Posted: 12:05 a.m. Monday, Sept. 9, 2013

Butler turns away more veterans seeking aid than any Ohio county

By Josh Sweigart and Amanda Seitz

Staff Writer

Butler County turned away a higher percentage of veterans seeking emergency financial assistance for things such as rent, utilities or groceries than any other county in Ohio last year, an investigation by the Hamilton Journal-News/Middletown Journal found.

Less than 1 percent of the estimated 27,000 veterans living in Butler County received emergency aid in 2012 from county taxpayers. Of the 432 times a veteran asked for help, they were turned away nearly 40 percent of the time.

Butler County’s Veterans Service Commission spent more money paying its director, assistant director and five appointed commissioners than providing direct financial aid to veterans, the newspaper found.

The newspaper analyzed Ohio’s 88 county veterans service commissions following a recent study that pointed out that the property tax-funded system has led to affluent counties with more money than they need and poor counties lacking the resources to help veterans. County veteran service commissions were entitled to a combined $121 million in 2011, but many agencies spent less than half of those funds to help veterans.

How counties spend their money varies widely as well, the newspaper found, especially in terms of emergency financial assistance provided by counties to help veterans get through financial crises.

Warren County’s Veterans Service Commission, for example, spent nearly three times the amount Butler County did in helping 840 of Warren’s roughly 16,500 veterans last year.

Dan Biondo, the president of the Butler County Veterans Service Commission, said he “had no idea” the county’s denial rate was abnormally high compared to other counties in the state.

The U.S. Census Bureau estimates there are between 1,000 and 2,000 veterans living below the poverty line in Butler County. The county provided aid 223 times last year.

“Wow, that’s amazing,” Biondo said. “I feel bad. I guess we are to blame. We need to be more lenient and approve more applications because we have the money to do it.”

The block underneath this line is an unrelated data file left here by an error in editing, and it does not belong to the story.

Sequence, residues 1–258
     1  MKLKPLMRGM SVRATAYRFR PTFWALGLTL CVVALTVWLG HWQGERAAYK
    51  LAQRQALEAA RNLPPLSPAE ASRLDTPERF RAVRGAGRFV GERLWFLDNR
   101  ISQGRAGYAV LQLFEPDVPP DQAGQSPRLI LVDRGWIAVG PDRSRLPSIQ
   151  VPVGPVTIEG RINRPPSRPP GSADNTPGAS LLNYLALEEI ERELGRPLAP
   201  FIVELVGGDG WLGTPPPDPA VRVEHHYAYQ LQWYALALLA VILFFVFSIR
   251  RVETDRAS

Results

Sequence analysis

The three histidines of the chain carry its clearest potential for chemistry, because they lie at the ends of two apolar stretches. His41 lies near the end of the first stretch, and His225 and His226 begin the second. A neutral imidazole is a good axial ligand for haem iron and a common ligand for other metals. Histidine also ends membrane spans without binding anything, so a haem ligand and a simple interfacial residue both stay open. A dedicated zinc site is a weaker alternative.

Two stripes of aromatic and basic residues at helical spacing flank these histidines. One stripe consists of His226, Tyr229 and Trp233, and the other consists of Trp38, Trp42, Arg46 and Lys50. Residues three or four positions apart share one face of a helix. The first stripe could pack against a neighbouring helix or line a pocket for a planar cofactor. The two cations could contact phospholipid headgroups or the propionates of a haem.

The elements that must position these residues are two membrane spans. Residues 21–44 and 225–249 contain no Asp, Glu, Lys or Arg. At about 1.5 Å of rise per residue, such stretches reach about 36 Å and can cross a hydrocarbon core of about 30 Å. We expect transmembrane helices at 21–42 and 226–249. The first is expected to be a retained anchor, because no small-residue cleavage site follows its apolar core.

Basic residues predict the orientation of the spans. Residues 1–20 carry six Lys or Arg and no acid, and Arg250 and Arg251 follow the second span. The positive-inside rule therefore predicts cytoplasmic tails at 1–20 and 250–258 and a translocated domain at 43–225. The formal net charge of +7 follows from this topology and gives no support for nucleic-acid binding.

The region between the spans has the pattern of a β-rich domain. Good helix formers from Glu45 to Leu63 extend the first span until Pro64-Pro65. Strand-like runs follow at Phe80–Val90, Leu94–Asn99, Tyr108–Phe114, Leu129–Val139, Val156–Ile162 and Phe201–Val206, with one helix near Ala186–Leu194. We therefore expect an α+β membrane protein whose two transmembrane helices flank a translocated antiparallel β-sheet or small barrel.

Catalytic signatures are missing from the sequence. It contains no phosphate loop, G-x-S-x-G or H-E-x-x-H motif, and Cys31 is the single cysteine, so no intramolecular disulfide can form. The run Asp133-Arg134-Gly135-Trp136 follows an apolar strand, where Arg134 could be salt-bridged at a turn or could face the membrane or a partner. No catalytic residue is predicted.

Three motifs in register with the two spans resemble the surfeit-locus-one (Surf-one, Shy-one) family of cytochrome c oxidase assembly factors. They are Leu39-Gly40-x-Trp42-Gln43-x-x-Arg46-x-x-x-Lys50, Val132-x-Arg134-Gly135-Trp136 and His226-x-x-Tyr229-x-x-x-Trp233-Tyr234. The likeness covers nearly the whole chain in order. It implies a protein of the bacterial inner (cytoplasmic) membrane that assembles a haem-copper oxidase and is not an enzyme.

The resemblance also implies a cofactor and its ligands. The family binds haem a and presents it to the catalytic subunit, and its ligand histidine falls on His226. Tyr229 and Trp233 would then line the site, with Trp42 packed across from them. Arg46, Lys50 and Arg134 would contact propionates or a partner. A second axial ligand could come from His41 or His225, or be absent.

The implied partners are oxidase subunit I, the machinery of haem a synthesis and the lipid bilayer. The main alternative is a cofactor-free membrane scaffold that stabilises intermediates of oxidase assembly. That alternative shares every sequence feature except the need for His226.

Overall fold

The commission’s executive director, Curtis McPherson, can deny any application for aid, but the Butler County Veterans Service Commissioners can hear appeals.

The Butler County Veterans Service Commission spent nearly $1.3 million last year but was entitled to $3.7 million of county taxpayer dollars. Only 13 percent of the budget paid for emergency financial assistance to veterans and another 15 percent, or $265,000, went to transporting veterans to medical appointments.

The bulk of the commission’s budget is spent on salaries and benefits. McPherson got a $4,000 raise from veterans service commissioners and will make $91,420 this year. Each of the five commissioners will collect between $7,000 and $14,000 this year.

In Warren County, the director will make $62,504 this year while each commissioner will collect $12,000.

Biondo called the salaries in the Butler County agency “high” and he fears the agency’s denial rate is deterring some veterans from applying for financial assistance. In 2011, 643 veterans applied for aid. As of July 31, 206 veterans had applied for aid through the agency this year.

McPherson said he tries to discourage veterans from relying too much on emergency financial aid fund.

“We give assistance to the veterans that are trying to help themselves,” McPherson said. “It’s emergency temporary financial assistance, it’s not a supplemental income.”

Butler County uses an 87-page guideline book to determine what or how much aid to give to veterans. Those guidelines restrict what the commission can give. For example, no more than $665 in monthly food allowance can be given to a veteran’s family of four, or $425 for monthly room and board.

Each county handles its financial aid guidelines differently.

Warren County also places guidelines on how much to give veterans. The county puts a $1,500 lifetime limit on aid for veterans, veterans’ spouses and their children, Rodney Eversole, executive director for the Warren County Veterans Service Commission, said. Any request beyond that $1,500 must get a special approval from the commission board.

“When people are coming to see us, they’re going through a rough patch in life. We try to go above and beyond in assisting these folks,” Eversole said. “It’s hard at the same time because sometimes we have to tell people things they don’t want to hear.”

Bob Bailey, 90, works a part-time job up to three days a week to make ends meet. His only other source of income is Social Security.

The Warren County resident served in WWII as a salvage and repair diver in the Navy. He believes the assistance a veteran is entitled to should be based on what they need, not where they live.

“I think if the guys need $3,000 to $4,000, they ought to get it. If they need $20, they ought to get it.”

Miami County approved every one of the 1,043 applications for help it received from needy veterans last year. The county spent 69 percent of its $890,000 budget on direct financial aid.

Miami County Veterans Service Commission President Joe Goetz said they are tightening up on financial assistance rules. Within the past year they began limiting veterans to three applications for up to $700 a year each and they added a lifetime maximum of $10,000 and started giving out food vouchers instead of cash for groceries. Before, he said, some people came in every month for hundreds of dollars.

McPherson said his agency is being responsible with taxpayer dollars by setting forth selective guidelines for financial aid. He said the agency is looking into ways to increase some of that aid.

“We respect the taxpayer money,” McPherson said.


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